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Short for cannabidiol, CBD is generally the second most prevalent chemical in cannabis (although in a number of  strains is the most prevalent.) It is most notably used for treating seizures and does not give you a “High” feeling.

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THC, or tetrahydrocannabinol,  is generally the most prevalent of the many chemicals cannabis is composed of. It is used for symptoms such as nausea and pain and is associated with the “High” people feel using cannabis.

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You’ll need both your medical cannabis card AND a state ID or Driver’s license. Many dispensaries will have an information form to fill out, similar to when going to a new doctor.  After that, you’ll be able to pick what you want. The first time can be a little nerve-wracking but realize most everyone there is an advocate and/or patient themselves.

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Depending on the state you live in, you may be allowed to cultivate any given number of plants designated by the state law. Some states require you to be a patient, while others have rules around where and how much you can grow. To learn how to grow, check out our blog on growing cannabis indoors.

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As long as you are following all state laws, currently the Blumenauer-Norton-McClintock Amendment protects you from federal interference.

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Certain states have reciprocity, but most do not. With laws changing all the time and most dispensaries having discretion as to whether to allow reciprocity or not, you should contact the dispensary you plan on visiting before you visit.

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No. At this time, since cannabis is not an FDA approved drug, no insurer will cover the cost. That said there is one cannabis-derived, and one synthetic cannabinoid drug on the market certain insurers can cover. Epidiolex™ is a cannabis-derived CBD based drug approved for     Dravet syndrome and Lennox-Gastaut syndrome. And Marinol™ is a synthetic THC drug approved for nausea and vomiting.

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First – we are not doctors. Second. You should speak to your doctor and anesthesiologist. Third, according to hundreds of members, many have reportedly consumed cannabis, prior, and some even up to surgery, without any reported issues at all. Reuters reports cannabis users needing more anesthesia for surgery but further research is needed.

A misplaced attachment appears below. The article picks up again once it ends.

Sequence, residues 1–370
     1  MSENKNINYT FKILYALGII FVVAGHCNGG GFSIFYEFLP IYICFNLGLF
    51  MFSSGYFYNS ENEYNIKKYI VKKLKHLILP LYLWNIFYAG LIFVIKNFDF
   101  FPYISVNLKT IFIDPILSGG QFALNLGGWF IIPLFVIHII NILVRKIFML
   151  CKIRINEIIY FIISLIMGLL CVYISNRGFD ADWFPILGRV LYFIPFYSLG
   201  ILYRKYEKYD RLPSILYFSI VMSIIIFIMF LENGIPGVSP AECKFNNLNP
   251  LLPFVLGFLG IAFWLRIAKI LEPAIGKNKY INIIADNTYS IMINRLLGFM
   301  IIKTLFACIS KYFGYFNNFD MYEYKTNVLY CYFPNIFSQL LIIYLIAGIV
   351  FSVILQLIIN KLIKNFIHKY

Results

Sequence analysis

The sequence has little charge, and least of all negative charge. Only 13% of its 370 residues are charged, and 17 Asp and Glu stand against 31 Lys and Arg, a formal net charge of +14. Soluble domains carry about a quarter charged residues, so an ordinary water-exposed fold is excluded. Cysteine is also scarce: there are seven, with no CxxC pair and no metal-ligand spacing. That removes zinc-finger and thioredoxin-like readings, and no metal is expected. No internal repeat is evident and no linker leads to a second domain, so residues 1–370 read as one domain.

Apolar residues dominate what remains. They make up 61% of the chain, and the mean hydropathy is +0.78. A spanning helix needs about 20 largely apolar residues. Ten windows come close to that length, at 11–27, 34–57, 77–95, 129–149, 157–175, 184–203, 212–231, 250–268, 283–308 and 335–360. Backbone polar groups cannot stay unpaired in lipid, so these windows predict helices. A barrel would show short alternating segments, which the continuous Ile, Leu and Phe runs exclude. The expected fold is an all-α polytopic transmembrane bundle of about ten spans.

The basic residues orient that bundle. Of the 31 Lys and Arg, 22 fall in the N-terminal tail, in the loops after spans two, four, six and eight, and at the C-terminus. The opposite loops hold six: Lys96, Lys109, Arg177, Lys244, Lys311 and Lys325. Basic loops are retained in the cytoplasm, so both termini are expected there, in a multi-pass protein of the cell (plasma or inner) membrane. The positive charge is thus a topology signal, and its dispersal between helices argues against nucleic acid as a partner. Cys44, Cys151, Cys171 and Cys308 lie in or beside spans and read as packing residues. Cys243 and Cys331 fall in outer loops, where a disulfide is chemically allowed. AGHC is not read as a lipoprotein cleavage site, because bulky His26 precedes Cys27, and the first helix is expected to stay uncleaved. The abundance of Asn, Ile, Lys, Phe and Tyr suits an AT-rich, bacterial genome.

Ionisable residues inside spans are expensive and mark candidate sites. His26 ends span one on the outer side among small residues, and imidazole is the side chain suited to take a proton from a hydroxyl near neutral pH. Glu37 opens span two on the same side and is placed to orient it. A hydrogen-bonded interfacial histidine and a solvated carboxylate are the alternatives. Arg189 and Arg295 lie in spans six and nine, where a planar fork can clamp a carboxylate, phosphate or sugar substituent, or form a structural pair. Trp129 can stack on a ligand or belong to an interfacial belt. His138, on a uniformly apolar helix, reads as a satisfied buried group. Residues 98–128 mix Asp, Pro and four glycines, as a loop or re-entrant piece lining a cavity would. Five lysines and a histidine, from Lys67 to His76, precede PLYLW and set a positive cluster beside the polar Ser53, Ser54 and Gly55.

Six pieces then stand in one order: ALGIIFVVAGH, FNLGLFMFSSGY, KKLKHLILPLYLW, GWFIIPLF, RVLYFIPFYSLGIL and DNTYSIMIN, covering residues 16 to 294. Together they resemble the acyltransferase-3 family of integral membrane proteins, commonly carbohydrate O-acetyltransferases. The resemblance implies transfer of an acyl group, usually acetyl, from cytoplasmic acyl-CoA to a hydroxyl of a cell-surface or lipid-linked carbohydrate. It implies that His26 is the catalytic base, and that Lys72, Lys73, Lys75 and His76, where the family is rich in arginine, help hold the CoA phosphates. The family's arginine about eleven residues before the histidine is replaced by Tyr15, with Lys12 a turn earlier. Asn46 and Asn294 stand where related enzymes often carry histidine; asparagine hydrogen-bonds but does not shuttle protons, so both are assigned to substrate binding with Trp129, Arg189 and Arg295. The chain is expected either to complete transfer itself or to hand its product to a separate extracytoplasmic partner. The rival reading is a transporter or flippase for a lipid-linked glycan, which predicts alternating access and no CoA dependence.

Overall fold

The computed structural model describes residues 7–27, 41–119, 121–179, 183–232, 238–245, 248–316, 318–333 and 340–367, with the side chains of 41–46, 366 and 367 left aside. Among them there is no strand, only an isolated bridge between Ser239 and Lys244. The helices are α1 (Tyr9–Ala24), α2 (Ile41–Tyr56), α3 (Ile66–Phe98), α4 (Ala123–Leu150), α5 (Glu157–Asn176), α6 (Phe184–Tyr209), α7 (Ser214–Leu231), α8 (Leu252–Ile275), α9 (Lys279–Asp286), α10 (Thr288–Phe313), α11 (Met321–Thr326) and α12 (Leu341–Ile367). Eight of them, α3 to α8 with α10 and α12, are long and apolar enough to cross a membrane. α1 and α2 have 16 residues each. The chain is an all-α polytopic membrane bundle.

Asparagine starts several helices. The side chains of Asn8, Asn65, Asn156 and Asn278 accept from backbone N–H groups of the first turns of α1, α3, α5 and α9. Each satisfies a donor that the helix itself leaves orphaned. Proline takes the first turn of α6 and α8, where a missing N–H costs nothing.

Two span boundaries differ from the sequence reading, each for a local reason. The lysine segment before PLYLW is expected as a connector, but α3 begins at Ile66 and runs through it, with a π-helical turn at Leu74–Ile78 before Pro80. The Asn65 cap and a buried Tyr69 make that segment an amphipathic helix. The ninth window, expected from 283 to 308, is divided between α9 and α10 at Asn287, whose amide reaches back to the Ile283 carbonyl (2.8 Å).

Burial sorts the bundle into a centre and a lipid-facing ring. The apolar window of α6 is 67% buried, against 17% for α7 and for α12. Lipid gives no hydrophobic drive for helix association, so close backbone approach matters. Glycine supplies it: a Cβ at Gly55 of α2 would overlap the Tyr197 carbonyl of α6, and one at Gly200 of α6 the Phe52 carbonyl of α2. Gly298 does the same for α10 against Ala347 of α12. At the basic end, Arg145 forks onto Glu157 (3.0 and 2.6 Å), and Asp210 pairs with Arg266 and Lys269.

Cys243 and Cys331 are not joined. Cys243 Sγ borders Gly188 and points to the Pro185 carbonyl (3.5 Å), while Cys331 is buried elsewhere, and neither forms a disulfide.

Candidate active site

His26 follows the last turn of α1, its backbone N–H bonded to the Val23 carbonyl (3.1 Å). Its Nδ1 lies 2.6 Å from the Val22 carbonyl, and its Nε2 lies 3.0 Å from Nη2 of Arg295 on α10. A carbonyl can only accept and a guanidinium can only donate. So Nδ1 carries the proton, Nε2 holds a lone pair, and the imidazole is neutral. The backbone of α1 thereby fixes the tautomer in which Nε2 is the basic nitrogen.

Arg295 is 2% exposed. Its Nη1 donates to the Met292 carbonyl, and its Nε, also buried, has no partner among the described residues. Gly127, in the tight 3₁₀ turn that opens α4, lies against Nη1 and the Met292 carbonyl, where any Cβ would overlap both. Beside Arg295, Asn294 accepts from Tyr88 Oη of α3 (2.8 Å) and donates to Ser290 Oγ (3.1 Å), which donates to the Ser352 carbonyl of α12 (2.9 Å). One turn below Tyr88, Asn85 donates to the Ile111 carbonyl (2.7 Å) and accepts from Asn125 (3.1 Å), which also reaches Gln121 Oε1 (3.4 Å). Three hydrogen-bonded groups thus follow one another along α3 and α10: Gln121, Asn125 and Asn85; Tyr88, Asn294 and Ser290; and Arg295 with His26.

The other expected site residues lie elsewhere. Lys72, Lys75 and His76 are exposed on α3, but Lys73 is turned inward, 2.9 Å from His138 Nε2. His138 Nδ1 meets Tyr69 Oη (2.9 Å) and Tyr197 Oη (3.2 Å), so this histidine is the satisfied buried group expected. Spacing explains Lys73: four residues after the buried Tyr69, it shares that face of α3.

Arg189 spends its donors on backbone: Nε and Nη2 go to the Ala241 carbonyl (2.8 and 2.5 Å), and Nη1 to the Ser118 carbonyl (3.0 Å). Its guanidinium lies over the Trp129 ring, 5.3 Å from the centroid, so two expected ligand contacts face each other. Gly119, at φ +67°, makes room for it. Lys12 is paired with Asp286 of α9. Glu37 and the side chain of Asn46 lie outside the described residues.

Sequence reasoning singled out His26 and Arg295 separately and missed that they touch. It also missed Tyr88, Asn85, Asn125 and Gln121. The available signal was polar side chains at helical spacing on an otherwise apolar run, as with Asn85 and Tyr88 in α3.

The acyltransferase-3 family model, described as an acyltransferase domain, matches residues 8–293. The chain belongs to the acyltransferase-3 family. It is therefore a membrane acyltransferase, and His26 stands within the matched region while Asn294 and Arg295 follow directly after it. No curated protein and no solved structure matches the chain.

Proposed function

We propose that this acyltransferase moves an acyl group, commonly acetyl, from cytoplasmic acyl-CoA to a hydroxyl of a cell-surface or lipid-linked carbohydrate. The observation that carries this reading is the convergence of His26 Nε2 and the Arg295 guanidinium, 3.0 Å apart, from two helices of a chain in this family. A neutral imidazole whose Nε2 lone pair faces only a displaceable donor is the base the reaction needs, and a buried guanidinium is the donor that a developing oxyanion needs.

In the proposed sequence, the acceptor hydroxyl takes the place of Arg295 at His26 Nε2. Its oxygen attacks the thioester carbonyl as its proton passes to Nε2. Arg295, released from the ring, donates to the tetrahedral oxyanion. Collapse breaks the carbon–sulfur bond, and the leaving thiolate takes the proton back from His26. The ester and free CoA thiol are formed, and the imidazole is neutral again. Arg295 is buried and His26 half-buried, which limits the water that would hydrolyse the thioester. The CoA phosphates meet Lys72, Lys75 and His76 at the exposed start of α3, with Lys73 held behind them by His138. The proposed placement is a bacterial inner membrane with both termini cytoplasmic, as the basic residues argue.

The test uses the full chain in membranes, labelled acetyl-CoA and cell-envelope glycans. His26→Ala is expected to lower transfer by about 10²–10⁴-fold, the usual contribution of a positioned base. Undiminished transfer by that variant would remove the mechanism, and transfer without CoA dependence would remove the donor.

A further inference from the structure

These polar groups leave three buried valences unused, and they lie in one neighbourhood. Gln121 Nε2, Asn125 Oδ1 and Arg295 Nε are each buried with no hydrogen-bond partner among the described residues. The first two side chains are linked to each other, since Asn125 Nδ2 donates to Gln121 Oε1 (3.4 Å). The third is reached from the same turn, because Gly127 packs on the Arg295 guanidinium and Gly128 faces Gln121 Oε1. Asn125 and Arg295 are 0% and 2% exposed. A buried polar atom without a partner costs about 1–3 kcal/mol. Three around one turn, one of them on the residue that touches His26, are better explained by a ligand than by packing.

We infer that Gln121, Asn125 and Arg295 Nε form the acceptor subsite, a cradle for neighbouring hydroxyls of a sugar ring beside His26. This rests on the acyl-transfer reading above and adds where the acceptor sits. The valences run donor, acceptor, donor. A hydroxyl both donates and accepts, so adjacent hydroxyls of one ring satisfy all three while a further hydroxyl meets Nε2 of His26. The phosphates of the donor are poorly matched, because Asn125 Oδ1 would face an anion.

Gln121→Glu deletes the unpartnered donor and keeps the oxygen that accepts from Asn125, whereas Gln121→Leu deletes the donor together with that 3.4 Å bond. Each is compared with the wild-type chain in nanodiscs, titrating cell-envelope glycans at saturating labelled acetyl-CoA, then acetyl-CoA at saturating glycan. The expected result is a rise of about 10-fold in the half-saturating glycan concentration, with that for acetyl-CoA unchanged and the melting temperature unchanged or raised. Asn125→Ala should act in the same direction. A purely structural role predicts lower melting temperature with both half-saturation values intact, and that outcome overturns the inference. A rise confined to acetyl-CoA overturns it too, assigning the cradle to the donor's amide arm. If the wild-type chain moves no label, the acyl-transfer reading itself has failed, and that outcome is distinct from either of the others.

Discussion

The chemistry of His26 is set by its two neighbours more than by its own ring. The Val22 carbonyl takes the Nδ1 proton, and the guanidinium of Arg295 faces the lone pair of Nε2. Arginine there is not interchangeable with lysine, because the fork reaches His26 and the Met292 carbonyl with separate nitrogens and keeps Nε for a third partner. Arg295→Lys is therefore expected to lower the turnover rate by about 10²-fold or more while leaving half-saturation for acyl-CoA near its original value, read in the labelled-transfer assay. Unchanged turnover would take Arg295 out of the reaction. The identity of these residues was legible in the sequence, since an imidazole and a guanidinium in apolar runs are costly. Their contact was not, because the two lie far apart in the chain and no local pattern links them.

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Depending on the type of products you have, gummies may generally have anywhere from 5 to 10 milligrams of THC per piece. We always advise starting low and going slow. It is better you do not consume enough and have little to no effects vs consuming too much and having an intense experience. Always start with one dose, wait an hour, or more, and then try again. Do not consume too much in a small span of time, as it takes your liver a while to fully process the cannabinoids.

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The short answer is NO. Before traveling anywhere, you should review the laws in the state you are going to avoid an unpleasant experience. Taking any cannabis across state lines is illegal and not a good idea. Read the helpful guide from Safe Access Now, here.

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For starters, it starts with having a conversation with others about cannabis. If you would like to help us advocate, for starters, we welcome you to update your Facebook or LinkedIn profile to *Advocate*, and tag our Facebook or LinkedIn page. Second, help invite more people to our community by sending them to our group! If you would like to check out our accessories shop to view T-shirts, buttons, or other items that can make it easier to advocate for cannabis.

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CBD, whether derived from cannabis or hemp, is the same molecule of the same species, differentiated only for legal purposes to consider products with under .3% THC to be considered hemp.

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Many consumers tend to use mason jars, vacuum sealed bags, hydration packets (such as Boveda Packs). For long term storage, consumers tend to refrigerate their sealed products.